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One reason so few past prime ministers have had a clear agenda is that most of them — both Whigs and Tories — saw their job as preserving and conserving things, not changing them. When grievances emerged, they had to be redressed. Threats from abroad had to be countered. But the unspoken assumption was that Britain was blessed with an invaluable constitution which guaranteed our freedoms, internal peace and stability. It should be altered only reluctantly to accommodate new forces — the rise of the industrial towns, the growth of the middle class, the emergence of a respectable working class, the aspirations of women, and recurrent unrest in Ireland — which might otherwise threaten it.

Consequently, a frequent pattern among the first 30 or so prime ministers is resistance to change followed by accommodation to change — often giving prime ministers difficult challenges in party management.

It is only during the last half-century that the idea took root — at least among the political class — that “change” should be an end in itself. Ask any aspiring politician what they want to do and they will parrot words about “changing things for the better”. Even evolved institutions which work perfectly satisfactorily must be changed to conform to an abstract formula. It is now almost unheard of for anyone to say their aim is to preserve what is good against unnecessary or malign change. (The only exception being in local politics where even self-proclaimed radical politicians whip up nimbyist opposition to all planning proposals.)

In this climate, political leaders feel obliged to have an agenda for change. But politicians who have no clear convictions of their own are likely to find themselves the agents of other people’s views. As Heinrich Heine warned: “Mark this well ye men of action: you are nothing but the unwitting agents of the men of thought who, often in quiet self-effacement, mark out most exactly all your doings in advance.”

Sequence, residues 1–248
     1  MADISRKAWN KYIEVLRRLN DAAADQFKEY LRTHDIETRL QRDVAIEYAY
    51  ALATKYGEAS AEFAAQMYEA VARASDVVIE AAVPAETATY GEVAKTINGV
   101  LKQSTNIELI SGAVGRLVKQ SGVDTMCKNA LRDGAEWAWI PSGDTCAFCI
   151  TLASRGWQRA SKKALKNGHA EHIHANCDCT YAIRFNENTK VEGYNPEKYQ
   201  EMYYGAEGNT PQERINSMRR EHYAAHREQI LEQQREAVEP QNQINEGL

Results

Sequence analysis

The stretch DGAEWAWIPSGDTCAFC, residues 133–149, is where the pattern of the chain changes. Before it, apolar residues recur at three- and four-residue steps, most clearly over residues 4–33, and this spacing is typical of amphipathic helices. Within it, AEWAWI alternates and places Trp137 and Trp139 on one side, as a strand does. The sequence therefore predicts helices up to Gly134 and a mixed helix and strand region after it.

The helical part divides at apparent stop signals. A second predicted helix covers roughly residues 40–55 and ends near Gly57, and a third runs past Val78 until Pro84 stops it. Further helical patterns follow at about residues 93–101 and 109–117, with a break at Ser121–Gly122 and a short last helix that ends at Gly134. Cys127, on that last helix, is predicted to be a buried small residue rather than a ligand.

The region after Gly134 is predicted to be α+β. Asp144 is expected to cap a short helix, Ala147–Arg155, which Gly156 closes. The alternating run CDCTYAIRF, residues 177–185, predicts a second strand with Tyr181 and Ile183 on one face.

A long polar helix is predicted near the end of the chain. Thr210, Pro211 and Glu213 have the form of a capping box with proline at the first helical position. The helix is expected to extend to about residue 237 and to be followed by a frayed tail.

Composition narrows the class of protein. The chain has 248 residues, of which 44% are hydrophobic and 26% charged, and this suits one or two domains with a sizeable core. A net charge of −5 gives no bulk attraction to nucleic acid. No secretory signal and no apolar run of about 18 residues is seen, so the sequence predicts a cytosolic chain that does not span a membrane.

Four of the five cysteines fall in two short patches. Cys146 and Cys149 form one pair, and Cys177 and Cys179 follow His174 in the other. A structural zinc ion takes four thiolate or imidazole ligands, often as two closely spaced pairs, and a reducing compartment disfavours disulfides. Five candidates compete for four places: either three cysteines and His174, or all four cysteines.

Even Churchill, normally open to new ideas, found himself the captive of the conventional wisdom when as Chancellor of the Exchequer he made return to the Gold Standard his goal. Once opposition to appeasement hardened into a doctrine, Eden — famous above all for rejecting appeasement to Hitler — felt he had to resist Nasser by force. But he then succumbed to American financial pressure because he was a prisoner of the doctrine of fixed exchange rates. As Gimson is one of the few to recognise, he could simply have let the exchange rate take the strain and burn the Americans’ fingers.

The most remarkable modern example of a leader without an agenda of his own is Blair. He won an almost unparalleled majority yet had no idea what to do with it. In his first parliament he largely implemented the pledges he inherited from John Smith: devolution plus dismantling the elements of an internal market in health and education which Major had put in place. Then he spent the next two parliaments reinstating them under new labels. Tony Blair — Grand Old Duke of York. Effectively he had become the “unwitting agent” of the dominant paradigm of that period which was Thatcherite neo-liberalism.

Gimson rightly emphasises how important the personality of each of our prime ministers is. He quotes Canning’s famous words in defence of Pitt: “Away with the cant of ‘measures not men’, the idle supposition that it is the harness and not the horses that draw the chariot along.” But even more powerful than either measures or men is the force of ideas. Leaders strong enough to question the prevailing wisdom of the age decide the direction of the chariot. Others merely drive it with varying degrees of skill along roads determined by the “men of thought”. As Daniel Jones said, “If we don’t have ideas, ideas have us.”
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